Popular Posts

Saturday, 22 November 2014

On Gentlemen Amateurs and Professionals‏

Jamie Goode's first article for Tim Atkin's site is essentially a hand-wringing pean to the cult of the (Romantic) Gentleman Amateur in wine-writing against a perceived rising tide of (Analytical) Professional Critics.

By Amateur and Professional I have in mind more of an attitude than mere paid / unpaid status - think of John Gielgud's speech as the Master of Trinity to Ben Cross's sprinter Harold Abrahams in Chariots of Fire: "You have taken the attitude of a professional; you seek to win at all costs?"

(Romantic) Gentlemen Amateurs, in the British / Old World tradition, think broadly and tell stories - about wines, wine-makers and regions. They are caught up in the mystique of wine - perhaps even a little in the mystery.

By contrast, (Analytical) Professional Critics take a narrowly clinical, traditionally transatlantic / New World approach, eschewing visits to wineries and dinners with producers to concentrate solely on what is in the glass and to allocate to it an utterly objective score. In theory, if not actually in pactice.

Whether paid or unpaid, the Romantic Gentleman Amateur's mindset is that of a soulful artist whereas the Analytical Professional Critic is clinically detached from the subject matter.

The Romantic Writer sees a dinner with the winemaker as an opportunity to discuss the vision and develop a better understanding of the wines; the Critic believes that you can only judge what is in the glass and avoids any invitation that might even hint at a compromise of independence.
Both approaches are valid and there is clearly a market for both - some people want to buy into the Romance of wine, to hear the stories that go into the glass.
Others are less sentimental and seek an objective, clinically reliable, measurable assessment of which wines they should buy and which to avoid.
Neither is correct to the exclusion of the other - it's that old chestnut of horses for courses.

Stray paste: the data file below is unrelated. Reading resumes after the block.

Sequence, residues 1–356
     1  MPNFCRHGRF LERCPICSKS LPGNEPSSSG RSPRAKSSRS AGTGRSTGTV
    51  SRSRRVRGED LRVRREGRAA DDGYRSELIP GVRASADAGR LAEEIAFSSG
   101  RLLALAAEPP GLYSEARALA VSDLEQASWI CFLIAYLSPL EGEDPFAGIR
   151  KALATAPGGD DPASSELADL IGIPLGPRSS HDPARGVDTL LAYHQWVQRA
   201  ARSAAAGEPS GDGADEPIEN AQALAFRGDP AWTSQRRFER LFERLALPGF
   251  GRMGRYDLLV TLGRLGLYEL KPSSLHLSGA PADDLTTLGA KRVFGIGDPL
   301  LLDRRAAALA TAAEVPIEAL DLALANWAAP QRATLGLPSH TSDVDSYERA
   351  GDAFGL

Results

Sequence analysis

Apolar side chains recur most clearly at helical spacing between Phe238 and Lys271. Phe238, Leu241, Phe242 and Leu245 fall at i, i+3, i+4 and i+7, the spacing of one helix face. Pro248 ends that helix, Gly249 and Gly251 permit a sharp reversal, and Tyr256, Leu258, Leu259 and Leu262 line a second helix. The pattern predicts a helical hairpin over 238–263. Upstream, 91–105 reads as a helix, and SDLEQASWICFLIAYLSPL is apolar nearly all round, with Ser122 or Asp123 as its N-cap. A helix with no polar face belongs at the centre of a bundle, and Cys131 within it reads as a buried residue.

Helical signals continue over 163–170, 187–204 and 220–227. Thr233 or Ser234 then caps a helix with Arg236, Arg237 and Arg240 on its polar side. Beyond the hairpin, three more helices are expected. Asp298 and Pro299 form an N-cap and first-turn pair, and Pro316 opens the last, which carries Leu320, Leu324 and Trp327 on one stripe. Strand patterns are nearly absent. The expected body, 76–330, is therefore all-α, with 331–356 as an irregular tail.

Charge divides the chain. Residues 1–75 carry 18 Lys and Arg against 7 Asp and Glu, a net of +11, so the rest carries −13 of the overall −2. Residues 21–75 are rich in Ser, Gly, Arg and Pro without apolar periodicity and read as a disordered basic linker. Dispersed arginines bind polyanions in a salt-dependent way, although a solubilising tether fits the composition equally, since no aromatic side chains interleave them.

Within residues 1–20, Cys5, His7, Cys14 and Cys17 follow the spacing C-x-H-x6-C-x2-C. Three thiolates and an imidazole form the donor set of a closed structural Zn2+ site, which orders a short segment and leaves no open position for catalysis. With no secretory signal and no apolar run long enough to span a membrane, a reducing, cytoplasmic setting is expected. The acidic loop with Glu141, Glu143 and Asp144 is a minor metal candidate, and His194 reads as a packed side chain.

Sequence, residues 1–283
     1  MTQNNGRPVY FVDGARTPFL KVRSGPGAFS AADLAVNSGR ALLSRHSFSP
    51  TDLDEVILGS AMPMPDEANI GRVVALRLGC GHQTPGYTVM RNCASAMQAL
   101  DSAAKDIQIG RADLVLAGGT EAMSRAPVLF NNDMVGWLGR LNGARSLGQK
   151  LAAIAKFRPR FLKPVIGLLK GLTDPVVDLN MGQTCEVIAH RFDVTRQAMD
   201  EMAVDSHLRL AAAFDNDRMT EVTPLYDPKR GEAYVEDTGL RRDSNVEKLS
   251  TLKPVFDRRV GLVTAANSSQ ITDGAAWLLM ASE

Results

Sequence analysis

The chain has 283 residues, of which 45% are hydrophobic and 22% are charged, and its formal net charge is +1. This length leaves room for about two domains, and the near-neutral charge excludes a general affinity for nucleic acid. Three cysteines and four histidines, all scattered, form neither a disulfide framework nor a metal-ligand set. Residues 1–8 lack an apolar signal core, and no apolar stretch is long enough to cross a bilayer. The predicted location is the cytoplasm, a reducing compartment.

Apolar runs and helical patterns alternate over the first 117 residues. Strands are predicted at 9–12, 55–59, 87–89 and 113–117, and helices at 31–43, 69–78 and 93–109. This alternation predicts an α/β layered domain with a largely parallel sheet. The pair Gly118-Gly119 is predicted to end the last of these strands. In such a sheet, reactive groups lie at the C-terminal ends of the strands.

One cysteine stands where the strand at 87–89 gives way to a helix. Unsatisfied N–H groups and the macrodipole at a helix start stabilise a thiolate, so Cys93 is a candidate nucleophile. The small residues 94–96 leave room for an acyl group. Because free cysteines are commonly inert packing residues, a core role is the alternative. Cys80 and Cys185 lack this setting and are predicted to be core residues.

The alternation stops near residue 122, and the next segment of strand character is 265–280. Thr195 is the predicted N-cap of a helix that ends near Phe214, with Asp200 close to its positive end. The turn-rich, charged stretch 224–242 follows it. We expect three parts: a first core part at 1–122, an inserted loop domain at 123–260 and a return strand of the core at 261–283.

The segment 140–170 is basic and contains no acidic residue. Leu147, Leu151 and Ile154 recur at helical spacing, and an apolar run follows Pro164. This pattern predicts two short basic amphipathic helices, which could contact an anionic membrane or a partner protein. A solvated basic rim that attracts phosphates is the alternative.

I know which type of person I'd rather have round for dinner - and also which person I'd rather do business with.
Jamie's article misses the point in several areas, I feel:
- it posits the Romantic subjective, contextual writer / Analytical distanced, objective approach to wine assessment as a false conflict; there is no conflict, just two different, but equally valid, approaches
- he damns the points-based system as fundamentally flawed on the basis of grade inflation, rather ignoring the fact that subjective wine writers can equally wax overly lyrical about undeserving examples
- there is an unhelpful, somewhat sneering attitude towards the points-based approach; at the same time, there is a self-righteousness about the cult of the Gentleman Amateur that I find rather unconvincing
The article also fails to consider a middle way of telling stories about wine, but also assessing them objectively.
Interestingly, the MW's blind tasting exam forces its students to focus solely on what is in the glass - it is, I believe, a good discipline to learn and one I try to apply when assessing wines myself.
But I also like the stories, the human side of wine, its Romance and an understanding of what the winery is looking to achieve.
To my mind, Jancis Robinson (an MW) is the person who best embodies this approach - read one of her FT Weekend articles and there's usually a narrative followed by points-based recommendations.
So I see no conflict - rather, just a false provocation which in any event is somewhat self-serving; the market will decide which types of assessment it wants and the ones who succeed will be those who best provide the consumers of wine commentary and analysis with what they are looking for.

And no amount of Canute-like hand-wringing will change that.

Other related articles

No comments:

Post a comment